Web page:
Harper Simon just happens to be Paul Simon's son. It's likely one of those things that you might fantasize about being, yourself, unless it's your actual lot in life and then the peachiness of it might not be there. It might be one of those things - if it happens to you -- that you wouldn't wish upon your worst enemy - being born to one of the most famous and revered people in the world. Oh, it might not be so bad. It might just be a bunch of hogwash, the cons involved with such a lineage, but too often this baggage is as heavy as it comes, dealing a person some sour cards to have to play with - imagined or actual. You see it time after time, the ruination of a person thanks to all of the famous kid factors. Simon, the younger, is nearly a 40-year-old man these days, and last year, he released his debut album, a self-titled affair that is significant in its own right, regardless of who he calls daddy. He's old enough to be four or five albums deep into a career, but this hasn't been a natural arch. He's been beset by drug addictions and depression for a large portion of his adult life and all of it has led to his delayed emergence as an artist, wasting his days and many fortunes on substances.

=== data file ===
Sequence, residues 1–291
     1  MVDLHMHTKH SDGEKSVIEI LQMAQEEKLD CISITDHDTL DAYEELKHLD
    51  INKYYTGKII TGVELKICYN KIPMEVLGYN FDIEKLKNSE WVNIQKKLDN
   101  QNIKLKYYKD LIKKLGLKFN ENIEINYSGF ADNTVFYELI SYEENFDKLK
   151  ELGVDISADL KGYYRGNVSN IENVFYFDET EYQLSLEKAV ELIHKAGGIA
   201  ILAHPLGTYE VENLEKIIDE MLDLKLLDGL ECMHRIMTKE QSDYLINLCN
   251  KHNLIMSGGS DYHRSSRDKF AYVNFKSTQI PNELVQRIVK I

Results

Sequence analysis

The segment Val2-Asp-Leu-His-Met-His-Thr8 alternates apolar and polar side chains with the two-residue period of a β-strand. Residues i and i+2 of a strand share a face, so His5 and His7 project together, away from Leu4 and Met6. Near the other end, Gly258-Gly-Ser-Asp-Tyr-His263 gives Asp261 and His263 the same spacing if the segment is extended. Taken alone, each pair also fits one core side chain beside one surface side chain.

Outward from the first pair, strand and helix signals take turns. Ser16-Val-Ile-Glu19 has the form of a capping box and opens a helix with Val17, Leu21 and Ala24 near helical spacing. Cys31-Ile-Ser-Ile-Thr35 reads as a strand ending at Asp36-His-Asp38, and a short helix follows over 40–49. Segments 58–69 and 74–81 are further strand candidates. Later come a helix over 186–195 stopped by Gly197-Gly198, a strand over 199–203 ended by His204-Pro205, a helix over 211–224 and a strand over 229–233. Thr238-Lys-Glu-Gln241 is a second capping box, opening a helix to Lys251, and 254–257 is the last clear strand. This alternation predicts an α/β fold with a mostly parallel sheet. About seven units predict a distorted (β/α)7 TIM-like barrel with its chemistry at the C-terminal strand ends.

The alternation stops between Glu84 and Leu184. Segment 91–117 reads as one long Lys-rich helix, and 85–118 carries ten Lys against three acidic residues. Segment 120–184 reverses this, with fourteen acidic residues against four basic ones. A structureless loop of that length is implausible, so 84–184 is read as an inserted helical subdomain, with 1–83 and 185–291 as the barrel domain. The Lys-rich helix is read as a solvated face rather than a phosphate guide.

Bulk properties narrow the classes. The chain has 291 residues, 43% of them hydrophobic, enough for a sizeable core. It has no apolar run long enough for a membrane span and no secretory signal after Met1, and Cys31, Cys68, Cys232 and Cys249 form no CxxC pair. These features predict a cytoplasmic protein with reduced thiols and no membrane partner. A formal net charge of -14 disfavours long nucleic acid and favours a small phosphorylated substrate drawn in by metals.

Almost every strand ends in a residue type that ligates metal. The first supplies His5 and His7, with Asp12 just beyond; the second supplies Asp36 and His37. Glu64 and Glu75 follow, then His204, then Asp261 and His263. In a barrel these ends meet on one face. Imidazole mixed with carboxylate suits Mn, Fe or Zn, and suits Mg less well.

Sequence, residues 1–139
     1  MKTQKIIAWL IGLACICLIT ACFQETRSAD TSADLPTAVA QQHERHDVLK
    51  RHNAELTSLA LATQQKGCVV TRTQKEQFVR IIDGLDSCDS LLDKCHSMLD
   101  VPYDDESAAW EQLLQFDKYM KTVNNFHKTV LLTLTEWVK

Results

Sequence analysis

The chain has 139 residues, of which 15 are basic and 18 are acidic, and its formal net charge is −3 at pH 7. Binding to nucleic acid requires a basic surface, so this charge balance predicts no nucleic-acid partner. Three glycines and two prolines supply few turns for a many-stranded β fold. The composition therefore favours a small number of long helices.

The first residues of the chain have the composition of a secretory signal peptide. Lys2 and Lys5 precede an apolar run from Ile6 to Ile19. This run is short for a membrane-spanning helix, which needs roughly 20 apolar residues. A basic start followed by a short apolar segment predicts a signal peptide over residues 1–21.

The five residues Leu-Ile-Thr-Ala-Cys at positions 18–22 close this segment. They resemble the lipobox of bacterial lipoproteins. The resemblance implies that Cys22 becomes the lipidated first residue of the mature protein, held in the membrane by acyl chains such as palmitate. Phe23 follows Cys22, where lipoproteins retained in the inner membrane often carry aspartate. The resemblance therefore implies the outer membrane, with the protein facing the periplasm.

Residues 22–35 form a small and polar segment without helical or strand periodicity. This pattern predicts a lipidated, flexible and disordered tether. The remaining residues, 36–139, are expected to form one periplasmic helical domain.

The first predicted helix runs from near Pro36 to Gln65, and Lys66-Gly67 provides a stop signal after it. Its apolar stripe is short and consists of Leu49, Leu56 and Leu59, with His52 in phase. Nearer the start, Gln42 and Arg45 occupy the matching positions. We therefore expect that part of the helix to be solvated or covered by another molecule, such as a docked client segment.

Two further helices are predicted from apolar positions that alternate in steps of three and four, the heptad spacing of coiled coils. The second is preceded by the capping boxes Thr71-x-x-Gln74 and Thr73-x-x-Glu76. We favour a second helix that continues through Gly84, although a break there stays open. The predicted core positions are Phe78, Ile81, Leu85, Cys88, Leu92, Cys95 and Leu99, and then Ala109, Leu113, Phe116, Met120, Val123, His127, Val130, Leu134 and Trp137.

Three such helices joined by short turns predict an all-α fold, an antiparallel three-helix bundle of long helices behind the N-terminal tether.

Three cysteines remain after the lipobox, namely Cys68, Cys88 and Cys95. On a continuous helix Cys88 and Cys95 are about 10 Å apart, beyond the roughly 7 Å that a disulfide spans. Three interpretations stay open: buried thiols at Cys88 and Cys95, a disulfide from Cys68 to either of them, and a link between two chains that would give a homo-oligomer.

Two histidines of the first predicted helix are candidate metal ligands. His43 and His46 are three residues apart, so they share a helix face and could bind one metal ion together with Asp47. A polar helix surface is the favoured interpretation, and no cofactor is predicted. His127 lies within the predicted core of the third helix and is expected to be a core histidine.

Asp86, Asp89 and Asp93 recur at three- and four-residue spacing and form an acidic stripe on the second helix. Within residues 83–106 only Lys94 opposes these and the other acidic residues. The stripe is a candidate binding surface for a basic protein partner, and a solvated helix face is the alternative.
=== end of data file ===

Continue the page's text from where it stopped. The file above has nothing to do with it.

"Still Crazy After All These Years," was written by his father, about his mother - Peggy Harper - a few years after their divorce, when Harper was just a toddler and it's a sentiment that he brings into his hazy indie rock, in a way that link him more favorably to the dark dreams and sinews of Cass McCombs than they do to his father and his music. Harper Simon's strengths lie in the utter miseries that sound as if they were propagated almost exclusively by him and his estranged ways. These episodes and struggles have become his muscles and his balm. They've become how he sees himself, through these various hard walks and the times that he's deemed somewhat, "scripts that are scriptures," suggesting that the storylines he's seen have been lessons learned, lessons written into books so that they never have to be learned again. There's a lot of the "do as I say, not as I do" motif running through the album, not in a preachy way, but in a way that feels like an exhausted sigh, a robust exhalation that's been brought on by lost weekends and lost years and stressful ambivalence. On "The Audit," Simon sings, "Sometimes we all break down/When there's no friends around/You see yourself in photographs from winters past/Remembering the days in your hometown," and much of the record follows in this same passage of melancholy and times gone by. It's not so much that anyone was let down or that there was a failure, just an unavoidable rough patch where fingers could or couldn't be pointed, but really, it's not going to do any good as that train's already left the station and the blame is just going to boomerang right back and hit square between the eyes. It's as if he's come out of his concussions and things have been learned. The melodies that he stretches from his throat are easy and breezy, just like the ones his father has written and still writes, but they are meant more to cushion the blow and to encourage us to explore the storms that he waged in his younger, fumbling years. When he sings, "Left a trail of one-liners in truck stops and diners and ended up dazed and confused/I could have been dead, but I met you instead, now everything's perfectly clear/Laugh or the joke's on you/But you've only known me since I've been lonely so you don't believe that it's true" on the song, "Ha Ha," we officially see the changed man and we feel deeply for him. Here's to some great mid-life productivity for Mr. Harper Simon.